10. LincolnGator
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    LincolnGator New Member

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    Anybody know the acceptance rates? How many applied to UF last year vs. how many got in, and same for UM?

    Just curious.

    Sorry for using Swamp Gas as my personal Google lol
  11. GatorLaw
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    GatorLaw Well-Known Member

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    For the 2010-2011 academic year:

    UF - 26,512 applicants, 11,459 acceptances (43% acceptance rate)
    UM - 25,899 applicants, 10,157 acceptances (39.2% acceptance rate)
  12. demosthenes
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    demosthenes Well-Known Member

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    Miami sure accepts a lot to get their enrollment numbers if they're only 1300 shy of the number UF accepts.
  13. CoachR
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    UM is a small school and always will be. When I was there, which I'll admit was a looooong time ago the student population was 15K. Today it still is.

    What really surprised me was FIU has almost 60K student enrollment plus a school for architecture. My ex-wife was the first graduating class from that school. They have come a long way and I've gotten old (geez).
  14. wetry
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    wetry New Member

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    Both schools UM and UF are great in all areas..
    Be glad kids are getting educations its going to be rough out there either way..

    as for the Europe guy and his wonderful workforce...

    People still die everyday trying to get into our country not so much over there..
  15. LincolnGator
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    LincolnGator New Member

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    Hmm. That's confusing to me. It's been a long time since I dealt with college admissions, can somebody "educate" me on this?

    How can UM accept over 10,000 freshmen when their whole undergraduate student body is only about 10,000?

    Is it because a lot of Northeastern rich kids apply to UM as a safety school and then decline to enroll if a higher-ranked private school takes them? Whereas UF applicants are more likely to regard UF as their first choice?
  16. TheRaid
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    Well you never interviewed the half I have or interviewed me. I have had employees from Brown, Darthmouth, Yale, Princeton, and Cornell. Only 1 employee of an Ivy dissapointed me. They far out-performed graduates of most anywhere else except Stanford. I have also had some star employees from small liberal arts schools such as Huntingdon, Birmingham Southern, Vassar, and Williams. Some of the most dud employees I have had are from Miami (I had some good ones also), FSU, UNF, UCF, USF, USA, Spring Hill, Alabama, Auburn, and Stetson. They had great credentials too. When I ran a firm in Gainesville, I had some great and not so great from UF. The point? You get a mix from everywhere, but you have a greater chance of success if you recruit successful graduates of rigorous schools such as the Ivy schools. You cannot be successful at those schools without initiative. As a Princeton Tiger, I know that first hand.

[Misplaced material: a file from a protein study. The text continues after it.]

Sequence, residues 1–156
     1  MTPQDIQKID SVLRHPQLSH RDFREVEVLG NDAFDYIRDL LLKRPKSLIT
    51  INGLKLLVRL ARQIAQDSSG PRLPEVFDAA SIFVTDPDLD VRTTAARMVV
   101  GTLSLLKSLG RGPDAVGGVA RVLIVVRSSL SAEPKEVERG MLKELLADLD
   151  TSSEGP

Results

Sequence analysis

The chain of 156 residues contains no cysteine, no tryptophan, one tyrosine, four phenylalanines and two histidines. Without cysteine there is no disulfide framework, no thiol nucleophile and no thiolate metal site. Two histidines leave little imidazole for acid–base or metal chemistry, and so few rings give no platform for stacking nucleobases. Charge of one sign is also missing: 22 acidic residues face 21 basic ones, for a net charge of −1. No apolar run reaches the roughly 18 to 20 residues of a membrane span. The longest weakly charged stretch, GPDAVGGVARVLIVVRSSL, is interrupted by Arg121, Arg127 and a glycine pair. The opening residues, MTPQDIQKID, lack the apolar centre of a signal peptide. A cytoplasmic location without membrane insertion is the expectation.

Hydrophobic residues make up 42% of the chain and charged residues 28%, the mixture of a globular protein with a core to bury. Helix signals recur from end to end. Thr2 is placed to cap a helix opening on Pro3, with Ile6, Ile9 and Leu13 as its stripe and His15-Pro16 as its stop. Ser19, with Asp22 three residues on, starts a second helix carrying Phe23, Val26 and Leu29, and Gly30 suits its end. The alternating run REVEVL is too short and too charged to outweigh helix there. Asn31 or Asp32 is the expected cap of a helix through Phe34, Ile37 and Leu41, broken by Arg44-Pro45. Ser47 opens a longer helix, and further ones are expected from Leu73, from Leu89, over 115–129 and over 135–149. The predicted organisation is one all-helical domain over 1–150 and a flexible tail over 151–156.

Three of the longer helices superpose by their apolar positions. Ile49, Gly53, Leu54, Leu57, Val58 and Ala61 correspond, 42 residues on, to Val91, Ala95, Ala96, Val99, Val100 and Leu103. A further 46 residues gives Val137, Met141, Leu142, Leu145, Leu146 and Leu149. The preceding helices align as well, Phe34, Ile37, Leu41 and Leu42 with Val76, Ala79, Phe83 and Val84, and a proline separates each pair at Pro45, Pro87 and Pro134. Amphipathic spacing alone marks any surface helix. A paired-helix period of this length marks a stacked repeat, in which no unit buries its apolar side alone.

Did you look beyond the degree and school name? Did you look for their campus involvement and leadership? Did you look at their transcript for course selection and grades? Did you verify they had accurate resumes and indeed graduated from said school(s)? Did you have the breakdown of their ACT/SAT/GRE scores to quantify their strengths and weaknesses? Did you check references?
  17. TheRaid
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    I was briefly tempted to get excited about Princeton being #1 again. But, then I remembered which rankings these are. This publication's rankings are BS. The criterion are not the best to rank a college. These rankings sell magazines and create a general poplulation impression. They are no more valuable than the AP poll in July.

    But, whoever said Alabama does not have good academics has never worked in higher education circles. Bama has a lot going for it besides football and nice buildings and hot southern chicks.
  18. wingtee
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    wingtee Well-Known Member

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    95 % of recruits want to know the school's NFL numbers. Today's players could care less where the school is ranked academically. In fact, I really don't give a rats azz either and I graduated from UF.